Cool beans.

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Well, you can’t say that my script names aren’t descriptive.

Select a bunch of images in Aperture and run this script. It will ask you for a destination folder and create a text file corresponding to each selected image. This text file will contain all of the useful metadata that I could glean from an image using AppleScript.

Each metadata item will appear on its own line preceded by the name of that particular metadata field. That should allow for easy enough reuse of the data if you wanted to do that.

This script was inspired by a comment posted to another of my scripts.

Export Metadata (Individual Files) 01.scpt

When on your own with the baby, park close to the cart return


Albums by Import Session
Version 03
Developed & tested on Aperture 3.0.3

This AppleScript will ask the user to pick a Project and then proceed to create Albums based on the images’ import groups. These Albums will be placed into a Folder in the Project named “Import Groups”

Albums by Import Session 03.scpt

I think that the subject says it all. It’s a great iPhone app but simply excellent on the iPad!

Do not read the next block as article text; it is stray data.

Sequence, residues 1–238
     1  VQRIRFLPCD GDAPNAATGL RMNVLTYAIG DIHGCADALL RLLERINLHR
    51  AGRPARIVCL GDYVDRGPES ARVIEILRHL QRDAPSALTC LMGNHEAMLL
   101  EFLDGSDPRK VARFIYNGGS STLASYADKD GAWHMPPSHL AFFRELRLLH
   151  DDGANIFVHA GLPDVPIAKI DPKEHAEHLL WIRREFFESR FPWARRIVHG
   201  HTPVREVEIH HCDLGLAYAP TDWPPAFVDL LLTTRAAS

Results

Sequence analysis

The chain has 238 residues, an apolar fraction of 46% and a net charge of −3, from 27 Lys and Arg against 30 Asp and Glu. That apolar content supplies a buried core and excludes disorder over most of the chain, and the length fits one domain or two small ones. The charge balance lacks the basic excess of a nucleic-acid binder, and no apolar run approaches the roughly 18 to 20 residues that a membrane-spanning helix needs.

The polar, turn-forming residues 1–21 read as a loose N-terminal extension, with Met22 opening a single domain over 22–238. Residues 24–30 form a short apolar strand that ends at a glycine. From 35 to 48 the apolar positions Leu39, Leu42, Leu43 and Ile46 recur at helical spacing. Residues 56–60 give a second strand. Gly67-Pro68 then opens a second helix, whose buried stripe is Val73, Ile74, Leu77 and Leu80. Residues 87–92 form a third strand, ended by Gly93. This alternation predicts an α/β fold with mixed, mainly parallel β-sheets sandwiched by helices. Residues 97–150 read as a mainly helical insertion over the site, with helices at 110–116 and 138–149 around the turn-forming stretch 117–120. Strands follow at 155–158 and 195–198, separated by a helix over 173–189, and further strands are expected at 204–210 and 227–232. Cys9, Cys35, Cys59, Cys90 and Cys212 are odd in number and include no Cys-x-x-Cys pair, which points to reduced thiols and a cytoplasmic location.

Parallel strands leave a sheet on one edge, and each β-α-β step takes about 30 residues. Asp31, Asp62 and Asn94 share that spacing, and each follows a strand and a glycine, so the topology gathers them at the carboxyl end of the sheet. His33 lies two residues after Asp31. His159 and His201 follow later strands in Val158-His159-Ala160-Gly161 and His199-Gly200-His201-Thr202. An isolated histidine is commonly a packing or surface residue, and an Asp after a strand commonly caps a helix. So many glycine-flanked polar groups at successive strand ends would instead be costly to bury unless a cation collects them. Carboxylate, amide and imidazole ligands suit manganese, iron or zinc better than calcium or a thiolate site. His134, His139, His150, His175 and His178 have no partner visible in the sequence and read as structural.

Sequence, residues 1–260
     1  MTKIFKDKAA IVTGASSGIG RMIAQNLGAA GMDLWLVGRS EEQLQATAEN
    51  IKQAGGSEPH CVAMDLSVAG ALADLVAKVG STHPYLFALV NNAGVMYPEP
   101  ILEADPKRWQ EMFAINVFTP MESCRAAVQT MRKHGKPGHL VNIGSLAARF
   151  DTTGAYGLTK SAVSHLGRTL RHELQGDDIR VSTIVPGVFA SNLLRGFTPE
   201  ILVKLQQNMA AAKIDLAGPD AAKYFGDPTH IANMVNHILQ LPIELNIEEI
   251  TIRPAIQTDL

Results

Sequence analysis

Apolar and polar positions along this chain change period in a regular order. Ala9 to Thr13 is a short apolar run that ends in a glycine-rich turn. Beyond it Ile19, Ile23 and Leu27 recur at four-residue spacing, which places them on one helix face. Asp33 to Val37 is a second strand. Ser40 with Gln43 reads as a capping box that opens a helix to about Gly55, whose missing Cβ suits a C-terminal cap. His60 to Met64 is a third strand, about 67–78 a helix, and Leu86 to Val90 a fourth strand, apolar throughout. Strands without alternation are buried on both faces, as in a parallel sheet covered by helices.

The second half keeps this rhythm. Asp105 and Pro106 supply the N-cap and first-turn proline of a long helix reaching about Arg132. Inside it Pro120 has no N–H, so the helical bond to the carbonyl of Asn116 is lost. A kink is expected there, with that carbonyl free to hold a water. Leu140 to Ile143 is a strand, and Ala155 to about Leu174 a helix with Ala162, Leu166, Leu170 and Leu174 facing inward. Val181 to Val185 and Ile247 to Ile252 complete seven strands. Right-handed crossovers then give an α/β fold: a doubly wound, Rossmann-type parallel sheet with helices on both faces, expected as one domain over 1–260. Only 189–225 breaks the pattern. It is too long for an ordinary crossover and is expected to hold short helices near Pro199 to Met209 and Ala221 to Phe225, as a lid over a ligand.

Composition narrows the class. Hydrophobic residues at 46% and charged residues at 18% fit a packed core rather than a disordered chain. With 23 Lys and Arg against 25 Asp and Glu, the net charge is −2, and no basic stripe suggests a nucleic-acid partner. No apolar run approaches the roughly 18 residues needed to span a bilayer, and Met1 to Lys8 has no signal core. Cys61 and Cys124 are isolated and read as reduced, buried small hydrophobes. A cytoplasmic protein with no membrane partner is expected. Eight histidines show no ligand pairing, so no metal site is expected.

In previous versions of Aperture you had 2 big import option buttons: Import All and Import Selected. This allowed you to quickly and easily import the whole memory card or just (most likely) the last few shots. This works great: I find it hard to imagine myself not wanting to do one of those actions.

Aperture 3 changes things. You now tell Aperture what images to import by checking them much as you would if you were importing video from a non-tape-based video camera in iMovie. There are Check All and Uncheck All buttons and the sole import button is Import Checked. At first I though that this would be terrible if I wanted to import just the last 50 images shot when I have 50 images on a card (checking/unchecking 50 items!) but I found a shortcut today that I wanted to share.

Aperture will toggle the checked status of all selected images when you check/uncheck any selected image. This makes it very easy to select only the very specific images you may want – especially if they’re noncontiguous. Let’s say that you want to select the last 50 of 100 images. Easy. Uncheck All, select from image 51-100 and check any one of those images’ checkbox. Viola all 50 are ready for import!

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I’m digging the Aperture 3 user manual.

It has a great section on the new nondestructive brushes with nice examples of what the brushes do. More helpful, most brushes have a ‘why not do it another way?’ section. For example, the contrast brush has an entry “Why Not Use the Enhance Adjustment?” which, surprise of surprises, has a good reason to use the brush instead of the adjustment brick.

Anyhow, it is a good read. Certainly better than watching Angels and Demons. I really hate books/movies that feature a Bad Guy plot that is far too complex to ever possibly work. But I digress…